Amyas Connell and Basil Ward were both born in New Zealand at the turn of the 20th century, and met while studying architecture at the New Zealand Institute of Architecture. They decided to make the journey to Britain to continue their studies, paying their way as stokers on the passage over. They arrived in London in March 1924, and found digs in Torrington Square, while they continued their studies at RIBA. The pair expanded their architectural horizons by travelling to Europe, taking in buildings by Auguste Perret and Le Corbusier. They subsequently both won places at the British School in Rome, where Connell met Bernard Ashmole the director of the school, who would later prove to an influential client.
Colin Lucas was born in Greenwich in 1906, and began his architectural studies at Trinity College in Cambridge, where among his contemporaries were Raymond McGrath and Christopher Nicholson. He finished his studies in 1928 and went into business with his father and a friend as Lucas, Lloyd and Co. where he produced concrete buildings like Noah’s House, Bourne End and the Flat Roof House, Little Frieth. Ward married Connell’s sister, Beatrice in 1928 and moved to Rangoon for two years. Connell returned to Britain in 1929 just as the Great Depression was beginning and the building trade had crashed, setting up in partnership with Australian architect Stewart Lloyd Thomson.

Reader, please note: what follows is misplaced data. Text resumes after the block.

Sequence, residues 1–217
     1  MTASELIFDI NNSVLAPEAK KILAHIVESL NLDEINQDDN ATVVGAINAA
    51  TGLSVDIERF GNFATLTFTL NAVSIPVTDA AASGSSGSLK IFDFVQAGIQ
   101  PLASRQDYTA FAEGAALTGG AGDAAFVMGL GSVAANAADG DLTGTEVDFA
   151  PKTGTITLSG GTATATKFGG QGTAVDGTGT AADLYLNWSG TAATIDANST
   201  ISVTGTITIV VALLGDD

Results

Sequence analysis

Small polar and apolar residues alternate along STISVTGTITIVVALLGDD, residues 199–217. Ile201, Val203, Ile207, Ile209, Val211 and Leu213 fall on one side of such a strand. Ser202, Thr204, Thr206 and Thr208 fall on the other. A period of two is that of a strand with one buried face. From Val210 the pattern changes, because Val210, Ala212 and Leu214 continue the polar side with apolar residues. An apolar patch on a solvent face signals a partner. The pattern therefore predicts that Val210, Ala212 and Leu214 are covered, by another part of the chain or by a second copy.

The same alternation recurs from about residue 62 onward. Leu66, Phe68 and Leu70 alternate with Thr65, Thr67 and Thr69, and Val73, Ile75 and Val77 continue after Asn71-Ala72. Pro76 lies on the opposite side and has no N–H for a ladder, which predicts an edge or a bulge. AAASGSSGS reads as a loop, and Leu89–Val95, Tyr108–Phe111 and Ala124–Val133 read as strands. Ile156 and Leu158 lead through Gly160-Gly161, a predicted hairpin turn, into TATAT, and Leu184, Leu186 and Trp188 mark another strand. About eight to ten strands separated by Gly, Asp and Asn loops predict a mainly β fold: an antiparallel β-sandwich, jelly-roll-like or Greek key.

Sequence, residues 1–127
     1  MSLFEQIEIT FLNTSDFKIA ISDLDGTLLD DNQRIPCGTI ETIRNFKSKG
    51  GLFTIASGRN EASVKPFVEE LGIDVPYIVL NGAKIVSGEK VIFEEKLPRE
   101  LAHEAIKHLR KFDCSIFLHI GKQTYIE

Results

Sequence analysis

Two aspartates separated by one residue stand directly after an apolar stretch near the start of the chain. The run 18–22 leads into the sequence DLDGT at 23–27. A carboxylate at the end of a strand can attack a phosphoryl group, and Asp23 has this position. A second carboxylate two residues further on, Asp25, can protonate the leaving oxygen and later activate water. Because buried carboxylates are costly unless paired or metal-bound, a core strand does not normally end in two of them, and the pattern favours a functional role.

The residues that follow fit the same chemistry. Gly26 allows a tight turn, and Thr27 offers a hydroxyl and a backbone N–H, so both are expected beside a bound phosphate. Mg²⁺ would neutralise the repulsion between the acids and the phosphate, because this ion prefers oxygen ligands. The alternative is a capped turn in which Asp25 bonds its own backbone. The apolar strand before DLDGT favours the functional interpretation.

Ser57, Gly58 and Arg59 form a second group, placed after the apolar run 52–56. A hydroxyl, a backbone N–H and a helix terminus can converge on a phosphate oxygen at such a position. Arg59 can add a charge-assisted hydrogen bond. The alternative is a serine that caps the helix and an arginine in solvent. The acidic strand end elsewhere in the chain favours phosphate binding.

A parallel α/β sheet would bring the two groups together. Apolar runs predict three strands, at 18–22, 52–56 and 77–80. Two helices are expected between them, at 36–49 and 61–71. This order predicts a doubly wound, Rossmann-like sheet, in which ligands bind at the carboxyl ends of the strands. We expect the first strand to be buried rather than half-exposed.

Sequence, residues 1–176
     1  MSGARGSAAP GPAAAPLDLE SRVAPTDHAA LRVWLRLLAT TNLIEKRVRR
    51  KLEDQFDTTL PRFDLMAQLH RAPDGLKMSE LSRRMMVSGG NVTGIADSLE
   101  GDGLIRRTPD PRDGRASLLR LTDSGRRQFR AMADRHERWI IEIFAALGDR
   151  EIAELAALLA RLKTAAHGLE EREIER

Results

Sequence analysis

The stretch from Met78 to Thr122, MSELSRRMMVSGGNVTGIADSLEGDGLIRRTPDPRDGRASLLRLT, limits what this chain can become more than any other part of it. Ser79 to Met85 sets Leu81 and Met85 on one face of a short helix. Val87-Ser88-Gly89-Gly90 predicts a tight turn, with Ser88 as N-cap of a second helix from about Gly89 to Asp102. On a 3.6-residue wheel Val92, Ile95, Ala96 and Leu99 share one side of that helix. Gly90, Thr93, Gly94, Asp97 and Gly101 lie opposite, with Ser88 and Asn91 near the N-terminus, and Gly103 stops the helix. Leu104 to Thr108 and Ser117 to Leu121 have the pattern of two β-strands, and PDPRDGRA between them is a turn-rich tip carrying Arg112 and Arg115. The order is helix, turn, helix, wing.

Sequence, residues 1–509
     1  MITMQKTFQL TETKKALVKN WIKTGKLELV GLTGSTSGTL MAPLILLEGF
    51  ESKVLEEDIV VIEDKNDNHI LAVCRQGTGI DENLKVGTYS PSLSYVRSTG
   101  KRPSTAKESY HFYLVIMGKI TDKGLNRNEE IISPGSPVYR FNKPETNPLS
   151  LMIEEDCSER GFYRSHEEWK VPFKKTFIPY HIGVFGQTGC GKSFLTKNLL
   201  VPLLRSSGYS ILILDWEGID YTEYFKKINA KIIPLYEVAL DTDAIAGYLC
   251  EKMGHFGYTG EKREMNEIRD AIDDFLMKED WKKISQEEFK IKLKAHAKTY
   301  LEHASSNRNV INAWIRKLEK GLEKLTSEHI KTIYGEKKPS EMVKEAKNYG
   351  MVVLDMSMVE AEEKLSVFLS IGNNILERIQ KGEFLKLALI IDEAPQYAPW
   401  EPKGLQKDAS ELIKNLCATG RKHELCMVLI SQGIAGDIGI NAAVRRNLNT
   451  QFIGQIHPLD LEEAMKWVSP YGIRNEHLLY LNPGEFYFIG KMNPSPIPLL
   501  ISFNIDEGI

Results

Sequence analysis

The practice did not just design houses for the rich. They designed Kent House in Camden for the St Pancras House Improvement Society in 1934. The design comprised of two four storey blocks, with each apartment having 2 or 3 bedrooms, electric kitchens and balconies. Like other Connell Ward and Lucas buildings, Kent House has been Grade II listed and recently refurbished. Among other projects the practice took on in their short lifespan included, The Vitamin Cafe in Oxford Street (1931), a Health Shop in Welbeck Street (1932), Sound City film studios in Shepperton (1936) and flats and shops in St Johns Wood (1938). This last project was to be a six storey luxury apartment block next to Lords cricket ground. Construction began in 1935, but halted in 1938 due to financial problems with the developers. The ground and first floor were added to in 1961 by the firm of Trehearne, Norman Preston and Partners, and lasted until 2000 when the whole building was demolished and redeveloped.
Even though their partnership only lasted 6 years, the influence of Connell, Ward and Lucas was felt far into the post war period. They produced a relatively small amount of work, but most survive as listed buildings and those such as Greenside, that haven’t, are mourned. Houses like High and Over, 66 Frognal and Potcroft were forward looking at the time of construction and remain contemporary in the 21st century. The three distinct personalities and abilities of Amyas Connell, Basil Ward and Colin Lucas came together to produce modernist buildings that have survived the changing opinions of architecture and the public.
References: Paul Mellon Centre
Connell, Ward and Lucas: Modern movement architects in England 1929-1939 (London, 2008) Dennis Sharp and Sally Rendell.